Vulnerabilities in several Corel programs allow attackers to execute malicious code

Malicious DLLs will be executed if stored in the same directory as media files opened with the affected programs, researchers said

Several photo, video and other media editing programs from software maker Corel contain DLL hijacking vulnerabilities that could allow attackers to execute malicious code on users' computers.

According to vulnerability research firm Core Security, when opening a media file associated with one of the vulnerable Corel products, the product will also load a specifically named DLL (Dynamic Link Library) file into memory if it's located in the same directory as the opened media file.

DLL files contain executable code so they can be used to install malware on computers.

The vulnerable products are CorelDRAW X7, Corel Photo-Paint X7, Corel PaintShop Pro X7, CorelCAD 2014, Corel Painter 2015, Corel PDF Fusion, Corel VideoStudio PRO X7 and Corel FastFlick, the Core Security researchers said in an advisory published Monday. Other versions might be affected too, but they haven't been checked, they said.

In order to exploit these client-side vulnerabilities, an attacker could, for example, send a ZIP archive to a Corel user containing a media file associated with vulnerable Corel software and a specifically named malicious DLL. When the user opened the legitimate Corel file, the DLL would run as well.

In a corporate environment an attacker with access to a file sharing server could place the rogue DLL file alongside legitimate Corel files on an existing network share to infect workstations that use those files.

The specific name that the rogue DLL needs to have varies depending on the targeted Corel program. For example, wintab32.dll will work for CorelDRAW X7, Corel Photo-Paint X7, Corel PaintShop Pro X7, Corel Painter 2015 and Corel PDF Fusion, according to the Core researchers. For CorelCAD 2014, the file would have to be named FxManagedCommands_3.08_9.tx or TD_Mgd_3.08_9.dll.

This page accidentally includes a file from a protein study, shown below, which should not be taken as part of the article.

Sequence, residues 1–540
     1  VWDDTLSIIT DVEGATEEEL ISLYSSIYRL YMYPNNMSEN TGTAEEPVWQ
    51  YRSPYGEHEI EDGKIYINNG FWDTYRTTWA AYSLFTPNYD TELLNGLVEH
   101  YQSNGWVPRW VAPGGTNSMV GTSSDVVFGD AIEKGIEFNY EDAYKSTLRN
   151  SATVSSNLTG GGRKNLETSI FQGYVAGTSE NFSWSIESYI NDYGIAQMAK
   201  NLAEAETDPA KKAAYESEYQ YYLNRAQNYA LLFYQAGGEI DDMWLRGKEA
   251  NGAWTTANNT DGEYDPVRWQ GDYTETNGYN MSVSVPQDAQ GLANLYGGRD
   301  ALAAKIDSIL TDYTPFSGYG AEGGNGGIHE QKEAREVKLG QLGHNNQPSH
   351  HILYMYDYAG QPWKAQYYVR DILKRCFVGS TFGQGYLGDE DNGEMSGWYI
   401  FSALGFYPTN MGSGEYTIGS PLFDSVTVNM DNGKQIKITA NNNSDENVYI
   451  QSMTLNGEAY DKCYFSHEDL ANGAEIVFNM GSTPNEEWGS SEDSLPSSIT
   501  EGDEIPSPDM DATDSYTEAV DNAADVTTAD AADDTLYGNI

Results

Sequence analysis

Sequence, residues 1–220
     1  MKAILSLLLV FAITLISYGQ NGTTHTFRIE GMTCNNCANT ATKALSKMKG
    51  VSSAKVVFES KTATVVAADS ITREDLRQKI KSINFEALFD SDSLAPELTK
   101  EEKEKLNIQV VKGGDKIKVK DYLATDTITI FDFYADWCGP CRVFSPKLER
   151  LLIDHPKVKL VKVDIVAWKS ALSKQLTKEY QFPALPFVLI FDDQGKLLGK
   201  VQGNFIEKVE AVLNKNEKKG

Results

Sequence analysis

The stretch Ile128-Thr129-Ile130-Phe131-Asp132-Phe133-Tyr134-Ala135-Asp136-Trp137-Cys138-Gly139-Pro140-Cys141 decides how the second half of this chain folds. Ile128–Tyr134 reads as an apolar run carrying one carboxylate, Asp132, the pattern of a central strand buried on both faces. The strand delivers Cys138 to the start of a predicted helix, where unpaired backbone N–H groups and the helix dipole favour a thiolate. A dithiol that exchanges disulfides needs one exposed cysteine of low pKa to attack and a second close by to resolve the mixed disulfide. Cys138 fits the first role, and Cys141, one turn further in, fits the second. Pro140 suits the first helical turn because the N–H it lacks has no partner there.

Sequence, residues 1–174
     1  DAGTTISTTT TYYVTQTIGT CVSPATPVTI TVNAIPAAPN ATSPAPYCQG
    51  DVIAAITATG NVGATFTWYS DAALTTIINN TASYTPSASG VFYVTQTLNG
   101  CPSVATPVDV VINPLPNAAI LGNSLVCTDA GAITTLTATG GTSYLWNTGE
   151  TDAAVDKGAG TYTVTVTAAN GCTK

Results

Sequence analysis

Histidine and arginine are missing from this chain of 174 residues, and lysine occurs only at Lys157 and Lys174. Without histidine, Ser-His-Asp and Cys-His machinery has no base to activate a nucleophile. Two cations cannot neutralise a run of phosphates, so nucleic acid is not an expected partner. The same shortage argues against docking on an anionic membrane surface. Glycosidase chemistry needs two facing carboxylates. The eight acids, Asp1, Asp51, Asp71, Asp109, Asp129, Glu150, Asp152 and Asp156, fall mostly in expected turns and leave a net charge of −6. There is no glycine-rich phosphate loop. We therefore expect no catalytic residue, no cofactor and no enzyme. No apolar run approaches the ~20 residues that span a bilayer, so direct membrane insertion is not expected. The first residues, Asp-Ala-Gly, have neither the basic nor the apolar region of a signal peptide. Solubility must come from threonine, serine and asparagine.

DLL hijacking vulnerabilities, which result from an insecure DLL search path declaration in software programs, are not uncommon. The Stuxnet sabotage malware, which was used to attack Iran's nuclear program, exploited a DLL hijacking vulnerability in Siemens' SIMATIC STEP 7 and SIMATIC PCS 7 industrial automation software, among other flaws.

On its site, Corel claims that its software has over 100 million active users in over 75 countries. Many of those are probably businesses that use photo and video editing or computer-aided design (CAD) software in their operations.

Core Security claims that it contacted Corel about these vulnerabilities on Dec. 9, but that the company did not respond. As a result, it decided to make information about the flaws public.

"Corel is reviewing its products on a case-by-case basis to safeguard dynamic loading of DLL files, which is a common vulnerability in many Windows applications," said Jessica Gould, senior communications manager for Corel, in an emailed statement Tuesday.

"Corel makes frequent updates to our applications and these changes have been made a priority for the next update of any affected Corel product. We would like to assure our users that we are not aware of any exploits of this issue with our software."

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